COLUMBUS -- Columbus Blue Jackets center Brandon Dubinsky did his best to make the Pittsburgh Penguins unhappy on Friday.
Dubinsky's cross check of Sidney Crosby caused the Pittsburgh center to leave the game briefly late in the second period. He then set up Cam Atkinson for the overtime winner in a 2-1 victory at Nationwide Arena.
Atkinson one-timed a pass from Dubinsky past Penguins goaltender Marc-Andre Fleury for his sixth goal of the season with 2:18 remaining to give Columbus (10-14-0) a victory in its first overtime game of the season.
Atkinson started the play in the defensive end after Crosby lost the puck. He passed ahead to Jack Johnson, who found Dubinsky deep in the Pittsburgh zone. Dubinsky circled to the right side of the goal, put on the brakes and found Atkinson between the circles with his stick in shooting position.
"I knew he was going to pull up and I knew he was going to find me," Atkinson said.
Dubinsky found the Blue Jackets' first foray into the new 3-on-3 overtime to be interesting.
"A lot of open ice," he said. "It was a little bit like summer hockey, but when you've got possession you've got to try and keep it."
The Penguins (13-8-1) lost for the first time in five overtime games.
Evgeni Malkin gave the Penguins a 1-0 lead with a power-play goal 9:15 into the third period. Ryan Johansen tied it at 11:57.
Fleury made 41 saves for Pittsburgh and Sergei Bobrovsky finished with 25 saves for the Blue Jackets.
"I liked the way we handled ourselves when they scored," Columbus coach John Tortorella said. "We didn't score. We had a power play, it wasn't good, but we kept on playing and got the goal."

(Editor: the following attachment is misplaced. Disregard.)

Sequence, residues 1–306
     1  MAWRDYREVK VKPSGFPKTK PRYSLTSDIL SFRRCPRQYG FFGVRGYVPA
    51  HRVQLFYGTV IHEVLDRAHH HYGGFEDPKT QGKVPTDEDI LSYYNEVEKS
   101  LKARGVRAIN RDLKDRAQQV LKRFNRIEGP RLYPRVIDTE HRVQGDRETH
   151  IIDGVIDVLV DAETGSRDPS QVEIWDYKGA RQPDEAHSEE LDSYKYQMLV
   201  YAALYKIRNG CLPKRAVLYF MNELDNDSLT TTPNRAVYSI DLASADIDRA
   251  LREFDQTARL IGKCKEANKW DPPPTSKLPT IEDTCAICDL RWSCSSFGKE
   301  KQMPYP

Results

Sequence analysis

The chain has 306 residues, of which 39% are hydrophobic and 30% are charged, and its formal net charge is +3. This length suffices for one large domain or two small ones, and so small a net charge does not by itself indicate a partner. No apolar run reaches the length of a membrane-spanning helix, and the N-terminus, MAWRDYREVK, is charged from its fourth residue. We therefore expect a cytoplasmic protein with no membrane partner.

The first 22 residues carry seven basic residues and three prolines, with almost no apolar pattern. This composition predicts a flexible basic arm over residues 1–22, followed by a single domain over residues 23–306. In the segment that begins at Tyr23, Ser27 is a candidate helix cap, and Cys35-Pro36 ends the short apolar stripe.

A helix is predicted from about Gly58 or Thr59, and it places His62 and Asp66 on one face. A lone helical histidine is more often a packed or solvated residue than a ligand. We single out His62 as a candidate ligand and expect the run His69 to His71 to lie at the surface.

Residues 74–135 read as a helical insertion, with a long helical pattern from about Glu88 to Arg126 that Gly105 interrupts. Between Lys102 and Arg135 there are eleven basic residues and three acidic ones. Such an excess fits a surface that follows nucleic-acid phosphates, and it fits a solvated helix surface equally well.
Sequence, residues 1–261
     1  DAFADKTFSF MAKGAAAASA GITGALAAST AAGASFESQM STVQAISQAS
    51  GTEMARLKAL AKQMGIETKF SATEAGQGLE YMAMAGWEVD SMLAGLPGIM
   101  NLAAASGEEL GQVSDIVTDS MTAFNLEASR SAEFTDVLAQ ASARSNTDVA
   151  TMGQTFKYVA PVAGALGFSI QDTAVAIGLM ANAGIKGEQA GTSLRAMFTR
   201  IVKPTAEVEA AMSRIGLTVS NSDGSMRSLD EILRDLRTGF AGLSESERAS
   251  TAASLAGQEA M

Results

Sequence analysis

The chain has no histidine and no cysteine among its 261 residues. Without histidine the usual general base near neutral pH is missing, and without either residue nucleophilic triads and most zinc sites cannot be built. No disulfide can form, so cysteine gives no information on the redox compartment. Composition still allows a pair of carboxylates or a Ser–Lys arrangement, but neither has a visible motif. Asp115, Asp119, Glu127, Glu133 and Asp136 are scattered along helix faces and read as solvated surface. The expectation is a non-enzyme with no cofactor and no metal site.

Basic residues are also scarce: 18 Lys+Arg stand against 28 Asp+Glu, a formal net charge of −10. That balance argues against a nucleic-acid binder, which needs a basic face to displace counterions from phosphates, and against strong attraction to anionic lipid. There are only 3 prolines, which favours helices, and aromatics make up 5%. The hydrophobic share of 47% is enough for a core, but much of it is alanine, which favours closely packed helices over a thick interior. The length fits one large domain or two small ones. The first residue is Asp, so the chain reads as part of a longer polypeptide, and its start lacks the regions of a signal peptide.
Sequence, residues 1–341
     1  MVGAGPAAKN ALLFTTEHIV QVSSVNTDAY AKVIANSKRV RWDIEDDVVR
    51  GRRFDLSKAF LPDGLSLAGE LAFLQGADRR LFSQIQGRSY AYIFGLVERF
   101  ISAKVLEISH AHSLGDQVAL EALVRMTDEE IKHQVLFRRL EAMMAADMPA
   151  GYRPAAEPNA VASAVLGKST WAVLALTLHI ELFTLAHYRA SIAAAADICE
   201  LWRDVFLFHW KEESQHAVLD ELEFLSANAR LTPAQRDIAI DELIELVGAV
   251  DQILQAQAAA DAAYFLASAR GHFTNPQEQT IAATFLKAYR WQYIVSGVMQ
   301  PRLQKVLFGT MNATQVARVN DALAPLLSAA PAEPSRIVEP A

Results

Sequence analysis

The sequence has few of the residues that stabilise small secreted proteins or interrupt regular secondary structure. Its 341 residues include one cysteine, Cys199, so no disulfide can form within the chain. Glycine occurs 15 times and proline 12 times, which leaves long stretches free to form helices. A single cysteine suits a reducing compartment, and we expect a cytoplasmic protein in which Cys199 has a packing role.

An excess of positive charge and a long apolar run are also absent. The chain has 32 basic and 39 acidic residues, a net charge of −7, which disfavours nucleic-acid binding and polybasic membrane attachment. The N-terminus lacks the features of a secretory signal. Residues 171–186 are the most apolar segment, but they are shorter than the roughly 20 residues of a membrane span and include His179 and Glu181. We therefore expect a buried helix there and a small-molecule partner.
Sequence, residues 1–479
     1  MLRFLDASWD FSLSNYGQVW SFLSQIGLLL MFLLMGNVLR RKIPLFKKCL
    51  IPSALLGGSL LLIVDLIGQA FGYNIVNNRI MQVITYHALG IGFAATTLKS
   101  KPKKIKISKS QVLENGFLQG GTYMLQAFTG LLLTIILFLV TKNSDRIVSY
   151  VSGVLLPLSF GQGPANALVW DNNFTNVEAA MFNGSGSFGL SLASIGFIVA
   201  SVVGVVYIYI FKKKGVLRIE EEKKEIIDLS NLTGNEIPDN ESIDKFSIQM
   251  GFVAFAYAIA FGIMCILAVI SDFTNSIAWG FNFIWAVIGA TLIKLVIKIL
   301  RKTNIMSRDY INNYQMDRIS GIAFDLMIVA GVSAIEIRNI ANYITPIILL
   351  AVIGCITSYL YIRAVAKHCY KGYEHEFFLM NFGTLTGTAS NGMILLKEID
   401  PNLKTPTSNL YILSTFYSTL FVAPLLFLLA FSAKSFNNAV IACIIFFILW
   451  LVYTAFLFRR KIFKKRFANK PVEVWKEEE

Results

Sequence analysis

Dubinsky sent Crosby to the ice and then the dressing room with a cross check to the back of the neck at 18:40 of the second period. Dubinsky received a minor penalty and Crosby returned for the start of the third period.
"I'm OK," Crosby said. "There's always concern when it happens. Honestly, I haven't seen it so I don't know how it looked. I know how it felt. I don't know if the official saw it or not."
Dubinsky and Crosby have had a long-running feud and battled ferociously in the first round of the 2014 Stanley Cup Playoffs.
Dubinsky said battling Crosby was merely part of his job.
"There's no secret. I try to play him as hard as I can," he said. "That being said, I don't do anything dirty. I felt my stick ride up his back a little bit. He was kind of bent over in front but that's not the type of player I am. I'm going to try and play hard but play fair and between the whistles."
Second-year Penguins coach Mike Johnston watched the 2014 Pittsburgh-Columbus series from afar and got an understanding of what it's like when the Metropolitan Division opponents play.
"I thought at that time it was a legitimate rivalry," he said. "Every game we play them, whether it's exhibition games, they're all intense battles. It's nice to see the intensity, the passion of the rivalry."
Pittsburgh went ahead when Malkin scored on the Penguins' fourth power play. Bobrovsky stopped Malkin's initial shot from the lower right circle and Crosby's rebound attempt was blocked. But Malkin picked up the puck and fired it past Bobrovsky as three Blue Jackets players went to the ice for his ninth goal of the season.
Crosby got the assist, giving him three goals and two assists in four games.
Johansen's fifth goal with 8:03 left in third came on a rebound of Pittsburgh native Brandon Saad's shot. The goal stood after a challenge by Johnston that Columbus forward Scott Hartnell had interfered with Fleury by slashing him.
"He hits my leg," Fleury said. "I slipped on my push. I thought it would be enough."
It was typical of the physical nature of the game.
"This is why you play," Pittsburgh forward Patric Hornqvist said. "I like the intense games. I like the scrums after the whistle as long as they're fair. Both teams did a good job. It was a fun game. Too bad we didn't get the win."
Each team plays again Saturday. The Penguins are home to the Edmonton Oilers; Columbus plays at the St. Louis Blues.